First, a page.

I can't seem to understand the logic of 'other.name' on the 5th line


#1



class Employee(object):
    def __init__(self, name):
        self.name = name
    def greet(self, other):
        print "Hello, %s" % other.name

class CEO(Employee):
    def greet(self, other):
        print "Get back to work, %s!" % other.name

ceo = CEO("Emily")
emp = Employee("Steve")
emp.greet(ceo)
# Hello, Emily
ceo.greet(emp)
# Get back to work, Steve!

Why not use self.other?


#2

Hi @bytecoder18943 ,

In the method header below, other is placed within the parameter list in order to represent an object that is not the instance on which the method is to be called. Specifically, it is there to correspond to an argument, when the method is called, that represents another object, which could be either an Employee or a CEO instance.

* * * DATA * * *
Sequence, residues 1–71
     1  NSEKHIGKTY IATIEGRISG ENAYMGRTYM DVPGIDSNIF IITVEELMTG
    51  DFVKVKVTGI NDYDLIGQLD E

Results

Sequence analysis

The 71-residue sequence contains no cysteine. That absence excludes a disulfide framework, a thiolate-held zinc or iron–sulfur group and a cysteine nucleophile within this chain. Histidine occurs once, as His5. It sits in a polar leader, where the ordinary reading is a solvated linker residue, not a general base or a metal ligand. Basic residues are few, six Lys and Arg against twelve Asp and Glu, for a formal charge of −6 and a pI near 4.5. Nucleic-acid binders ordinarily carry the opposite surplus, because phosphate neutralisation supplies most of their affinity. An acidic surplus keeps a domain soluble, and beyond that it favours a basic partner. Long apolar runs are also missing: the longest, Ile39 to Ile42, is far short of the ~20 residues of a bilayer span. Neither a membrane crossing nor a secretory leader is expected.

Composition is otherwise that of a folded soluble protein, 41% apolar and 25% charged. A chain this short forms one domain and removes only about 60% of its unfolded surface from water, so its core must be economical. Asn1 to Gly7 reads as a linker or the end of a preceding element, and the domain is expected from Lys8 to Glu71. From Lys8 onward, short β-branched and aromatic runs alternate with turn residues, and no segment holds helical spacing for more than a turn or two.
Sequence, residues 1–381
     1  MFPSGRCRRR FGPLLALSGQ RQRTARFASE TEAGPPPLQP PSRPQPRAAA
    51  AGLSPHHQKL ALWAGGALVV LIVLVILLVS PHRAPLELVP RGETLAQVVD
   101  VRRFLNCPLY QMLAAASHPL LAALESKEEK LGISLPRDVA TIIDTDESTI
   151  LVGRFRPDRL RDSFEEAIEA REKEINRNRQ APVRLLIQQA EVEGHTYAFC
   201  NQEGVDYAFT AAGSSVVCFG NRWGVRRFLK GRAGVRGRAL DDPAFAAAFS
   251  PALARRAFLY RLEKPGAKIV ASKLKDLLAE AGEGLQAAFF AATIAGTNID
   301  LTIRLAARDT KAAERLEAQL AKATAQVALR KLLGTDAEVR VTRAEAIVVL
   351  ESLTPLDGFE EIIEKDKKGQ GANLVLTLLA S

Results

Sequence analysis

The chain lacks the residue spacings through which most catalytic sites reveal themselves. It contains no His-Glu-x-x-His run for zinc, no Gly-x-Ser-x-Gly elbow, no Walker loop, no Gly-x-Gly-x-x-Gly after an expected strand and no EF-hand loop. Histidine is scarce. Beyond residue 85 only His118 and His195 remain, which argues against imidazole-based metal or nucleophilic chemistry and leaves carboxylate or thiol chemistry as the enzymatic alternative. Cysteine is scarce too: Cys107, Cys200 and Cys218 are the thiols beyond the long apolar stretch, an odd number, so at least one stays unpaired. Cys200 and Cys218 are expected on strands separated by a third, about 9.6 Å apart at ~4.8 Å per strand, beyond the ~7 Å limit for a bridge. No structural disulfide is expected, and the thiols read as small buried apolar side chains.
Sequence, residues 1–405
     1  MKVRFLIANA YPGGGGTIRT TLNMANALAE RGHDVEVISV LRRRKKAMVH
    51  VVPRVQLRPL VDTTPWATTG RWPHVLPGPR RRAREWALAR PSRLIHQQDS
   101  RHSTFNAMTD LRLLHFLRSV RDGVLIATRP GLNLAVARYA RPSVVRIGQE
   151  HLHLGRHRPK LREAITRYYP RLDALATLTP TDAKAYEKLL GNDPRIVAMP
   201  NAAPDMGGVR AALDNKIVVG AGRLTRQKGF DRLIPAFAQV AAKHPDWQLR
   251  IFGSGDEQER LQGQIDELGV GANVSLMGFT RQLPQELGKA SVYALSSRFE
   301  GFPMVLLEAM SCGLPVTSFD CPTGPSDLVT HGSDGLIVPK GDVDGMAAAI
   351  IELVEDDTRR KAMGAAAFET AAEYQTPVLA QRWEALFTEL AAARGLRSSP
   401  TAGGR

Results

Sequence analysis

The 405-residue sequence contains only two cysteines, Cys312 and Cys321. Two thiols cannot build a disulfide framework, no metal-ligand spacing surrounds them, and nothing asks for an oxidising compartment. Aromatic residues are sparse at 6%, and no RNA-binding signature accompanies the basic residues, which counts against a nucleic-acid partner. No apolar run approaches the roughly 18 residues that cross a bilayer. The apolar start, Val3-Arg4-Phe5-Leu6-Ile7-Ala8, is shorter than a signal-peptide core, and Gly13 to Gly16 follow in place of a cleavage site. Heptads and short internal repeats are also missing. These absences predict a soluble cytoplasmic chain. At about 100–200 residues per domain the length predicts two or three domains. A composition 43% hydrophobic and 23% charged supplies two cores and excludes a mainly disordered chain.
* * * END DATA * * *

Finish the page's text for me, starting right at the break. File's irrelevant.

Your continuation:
Here the emp instance is asked to greet the ceo instance ...

emp.greet(ceo)

When the above call is made, other will represent ceo.

Analogously, here the ceo instance is asked to greet the emp instance ...

ceo.greet(emp)

When the above call is made, other will represent emp.

EDITED (August 17, 2016) to add the following:

Looking at the greet method of Employee ...

    def greet(self, other):
        print "Hello, %s" % other.name

... we want the current instance of Employee to state, within the printed greeting, the value of name that is associated with the other object, not the self object. That is why we use other.name.


#3

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